Another recipe we learned at cooking school in India. Our instructor battered his cauliflower before frying it, but we're lazy and generally not inclined to batter anything, so we tried throwing the cauliflower right into the hot oil. The result -- still fatty and delicious! Also, we can hardly be blamed for giving in to the temptation to throw a little non-traditional paneer in the oil, since it was already nice and hot. Everything is better with cheese.
1 head of cauliflower, floretted and dried
1 cup of paneer, diced into 3/4 inch cubes
1/3 cup oil (high-heat friendly, like coconut, peanut or canola)
2 large shallots, sliced into half-moons
2 sprigs curry leaves (optional)
3 cloves garlic, minced or pressed
1 inch ginger, minced or pressed
1/2 teaspoon tumeric
1 teaspoon chili powder
2 1/2 teaspoons coriander
1 teaspoon garam masala
2 cups pureed tomatoes (canned okay)
salt to taste
8 tablespoons chickpea flour
1 teaspoon cornstarch
sprinkle of water
Optional: If you want to make a batter, mix the batter ingredients in a large bowl and toss in the cauliflower, stirring to coat.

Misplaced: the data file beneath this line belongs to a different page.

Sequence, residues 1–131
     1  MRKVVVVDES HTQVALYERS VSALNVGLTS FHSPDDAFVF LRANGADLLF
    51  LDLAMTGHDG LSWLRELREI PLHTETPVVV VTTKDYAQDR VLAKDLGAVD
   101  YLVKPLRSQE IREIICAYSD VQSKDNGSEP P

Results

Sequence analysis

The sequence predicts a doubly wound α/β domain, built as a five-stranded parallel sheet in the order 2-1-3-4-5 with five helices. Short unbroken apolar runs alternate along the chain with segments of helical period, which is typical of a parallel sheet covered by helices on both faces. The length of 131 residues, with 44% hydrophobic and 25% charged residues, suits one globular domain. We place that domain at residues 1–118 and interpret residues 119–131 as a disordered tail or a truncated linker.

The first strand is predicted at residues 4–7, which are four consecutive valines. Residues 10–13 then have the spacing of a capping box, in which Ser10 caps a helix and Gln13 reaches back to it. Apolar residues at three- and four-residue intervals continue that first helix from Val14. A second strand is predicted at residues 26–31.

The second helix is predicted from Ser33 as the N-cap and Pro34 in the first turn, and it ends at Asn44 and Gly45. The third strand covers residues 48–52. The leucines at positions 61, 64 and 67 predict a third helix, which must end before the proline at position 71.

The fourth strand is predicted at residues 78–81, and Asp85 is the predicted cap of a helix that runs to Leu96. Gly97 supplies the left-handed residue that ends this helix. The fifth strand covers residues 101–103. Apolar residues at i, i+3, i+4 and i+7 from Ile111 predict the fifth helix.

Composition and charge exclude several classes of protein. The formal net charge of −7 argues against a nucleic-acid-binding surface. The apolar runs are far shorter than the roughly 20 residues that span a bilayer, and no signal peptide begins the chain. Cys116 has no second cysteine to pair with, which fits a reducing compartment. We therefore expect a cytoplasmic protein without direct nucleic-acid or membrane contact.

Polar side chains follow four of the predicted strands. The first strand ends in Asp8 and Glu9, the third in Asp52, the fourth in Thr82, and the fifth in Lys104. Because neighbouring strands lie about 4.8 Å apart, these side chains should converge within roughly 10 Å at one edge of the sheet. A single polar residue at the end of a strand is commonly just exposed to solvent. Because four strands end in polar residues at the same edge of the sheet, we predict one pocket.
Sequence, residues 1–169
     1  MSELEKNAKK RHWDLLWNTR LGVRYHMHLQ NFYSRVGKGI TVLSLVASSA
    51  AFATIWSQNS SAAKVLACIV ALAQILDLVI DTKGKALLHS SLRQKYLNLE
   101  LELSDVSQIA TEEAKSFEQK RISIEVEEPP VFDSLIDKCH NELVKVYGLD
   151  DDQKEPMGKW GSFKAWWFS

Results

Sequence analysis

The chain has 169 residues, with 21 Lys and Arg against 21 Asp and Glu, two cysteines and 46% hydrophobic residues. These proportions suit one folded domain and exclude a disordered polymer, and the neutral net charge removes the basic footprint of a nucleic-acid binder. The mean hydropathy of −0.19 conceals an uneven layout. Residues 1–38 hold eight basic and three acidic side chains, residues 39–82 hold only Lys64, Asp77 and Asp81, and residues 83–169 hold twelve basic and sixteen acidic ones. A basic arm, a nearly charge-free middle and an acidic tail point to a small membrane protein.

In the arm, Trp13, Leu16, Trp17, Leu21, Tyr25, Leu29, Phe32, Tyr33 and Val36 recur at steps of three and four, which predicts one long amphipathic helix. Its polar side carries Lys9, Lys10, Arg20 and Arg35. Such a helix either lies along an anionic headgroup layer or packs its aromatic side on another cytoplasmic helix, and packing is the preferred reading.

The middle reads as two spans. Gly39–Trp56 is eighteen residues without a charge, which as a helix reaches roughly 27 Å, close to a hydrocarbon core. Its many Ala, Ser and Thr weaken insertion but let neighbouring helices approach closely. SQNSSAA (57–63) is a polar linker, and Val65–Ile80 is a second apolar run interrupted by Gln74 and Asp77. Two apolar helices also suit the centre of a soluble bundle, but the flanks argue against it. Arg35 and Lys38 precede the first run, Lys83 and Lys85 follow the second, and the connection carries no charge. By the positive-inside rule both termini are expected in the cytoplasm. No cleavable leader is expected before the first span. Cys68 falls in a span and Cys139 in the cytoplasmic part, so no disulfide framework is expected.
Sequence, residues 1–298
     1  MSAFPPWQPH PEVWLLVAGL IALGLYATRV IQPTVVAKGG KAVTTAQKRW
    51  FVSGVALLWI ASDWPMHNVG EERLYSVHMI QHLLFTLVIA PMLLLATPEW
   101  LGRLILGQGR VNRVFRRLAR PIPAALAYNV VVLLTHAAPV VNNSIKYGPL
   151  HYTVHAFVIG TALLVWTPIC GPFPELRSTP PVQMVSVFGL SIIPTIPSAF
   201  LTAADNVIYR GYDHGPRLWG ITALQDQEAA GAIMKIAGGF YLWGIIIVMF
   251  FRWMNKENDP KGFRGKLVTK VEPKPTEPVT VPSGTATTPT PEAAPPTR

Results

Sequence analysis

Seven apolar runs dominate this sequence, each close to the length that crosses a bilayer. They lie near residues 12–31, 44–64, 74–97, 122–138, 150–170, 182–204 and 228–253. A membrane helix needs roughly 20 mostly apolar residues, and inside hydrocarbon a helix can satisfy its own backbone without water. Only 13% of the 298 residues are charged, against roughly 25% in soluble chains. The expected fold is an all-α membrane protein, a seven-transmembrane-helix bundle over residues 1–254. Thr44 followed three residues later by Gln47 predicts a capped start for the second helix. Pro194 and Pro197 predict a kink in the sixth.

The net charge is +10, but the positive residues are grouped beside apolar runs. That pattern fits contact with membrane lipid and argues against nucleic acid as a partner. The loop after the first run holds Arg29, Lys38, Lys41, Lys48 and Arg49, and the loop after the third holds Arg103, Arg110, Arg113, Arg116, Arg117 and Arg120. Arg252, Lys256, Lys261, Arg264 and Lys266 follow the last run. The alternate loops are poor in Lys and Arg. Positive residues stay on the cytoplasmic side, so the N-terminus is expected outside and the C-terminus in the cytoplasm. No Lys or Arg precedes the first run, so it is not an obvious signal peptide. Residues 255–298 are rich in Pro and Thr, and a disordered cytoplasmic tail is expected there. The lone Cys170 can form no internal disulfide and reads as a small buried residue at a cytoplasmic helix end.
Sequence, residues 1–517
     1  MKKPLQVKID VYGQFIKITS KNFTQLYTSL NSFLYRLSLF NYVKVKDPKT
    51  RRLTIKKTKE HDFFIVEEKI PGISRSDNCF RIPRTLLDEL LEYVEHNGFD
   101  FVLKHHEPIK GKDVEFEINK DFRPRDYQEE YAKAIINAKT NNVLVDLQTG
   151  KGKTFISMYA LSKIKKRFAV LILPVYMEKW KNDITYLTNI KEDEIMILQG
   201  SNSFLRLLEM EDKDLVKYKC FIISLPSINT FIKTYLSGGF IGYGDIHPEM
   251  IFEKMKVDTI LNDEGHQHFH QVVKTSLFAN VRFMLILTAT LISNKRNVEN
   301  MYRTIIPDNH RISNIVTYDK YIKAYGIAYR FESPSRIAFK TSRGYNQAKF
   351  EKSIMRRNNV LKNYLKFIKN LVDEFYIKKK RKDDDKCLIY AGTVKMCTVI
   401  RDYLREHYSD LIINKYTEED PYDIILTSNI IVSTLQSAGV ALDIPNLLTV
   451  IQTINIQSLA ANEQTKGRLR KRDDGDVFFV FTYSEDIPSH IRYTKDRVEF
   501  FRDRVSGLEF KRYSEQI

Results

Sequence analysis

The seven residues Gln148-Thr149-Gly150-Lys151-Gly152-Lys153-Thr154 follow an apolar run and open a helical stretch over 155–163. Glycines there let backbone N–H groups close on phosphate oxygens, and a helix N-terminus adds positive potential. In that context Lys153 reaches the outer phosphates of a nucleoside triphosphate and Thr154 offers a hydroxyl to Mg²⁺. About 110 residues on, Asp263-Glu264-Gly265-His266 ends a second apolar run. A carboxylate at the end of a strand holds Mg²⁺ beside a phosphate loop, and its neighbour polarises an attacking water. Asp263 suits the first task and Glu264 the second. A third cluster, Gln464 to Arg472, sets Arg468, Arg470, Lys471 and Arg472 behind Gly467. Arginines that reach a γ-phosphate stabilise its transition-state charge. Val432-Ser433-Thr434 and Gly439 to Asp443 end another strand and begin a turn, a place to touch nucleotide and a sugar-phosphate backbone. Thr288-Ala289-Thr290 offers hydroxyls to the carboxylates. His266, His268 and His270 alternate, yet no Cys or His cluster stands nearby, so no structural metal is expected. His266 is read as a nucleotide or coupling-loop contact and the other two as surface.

Heat the oil in a wok until it's hot enough to sizzle on contact with cauliflower, but not smoking. Add the cauliflower in small batches, frying until it's tipped with brown, then remove to a paper-lined plate to drain. Repeat with the paneer, frying until it's golden brown on all six sides.
Pour off the extra oil, leaving about 2 tablespoons in the pan. Set the heat to medium-high and add the curry leaves, allowing them to sizzle for 30 seconds before adding the sliced shallots. Stir continuously until the shallots are soft and brown, then add the garlic and ginger. Once they are browned and the raw smell is gone, add the tumeric, chile powder, coriander and garam masala. Stir until the onions are well coated, then pour in the pureed tomatoes. Simmer until the tomatoes are reduced, then stir in the cauliflower, paneer and salt and allow to simmer a few more minutes to meld the flavors. We served ours on a bed of upma with red cabbage.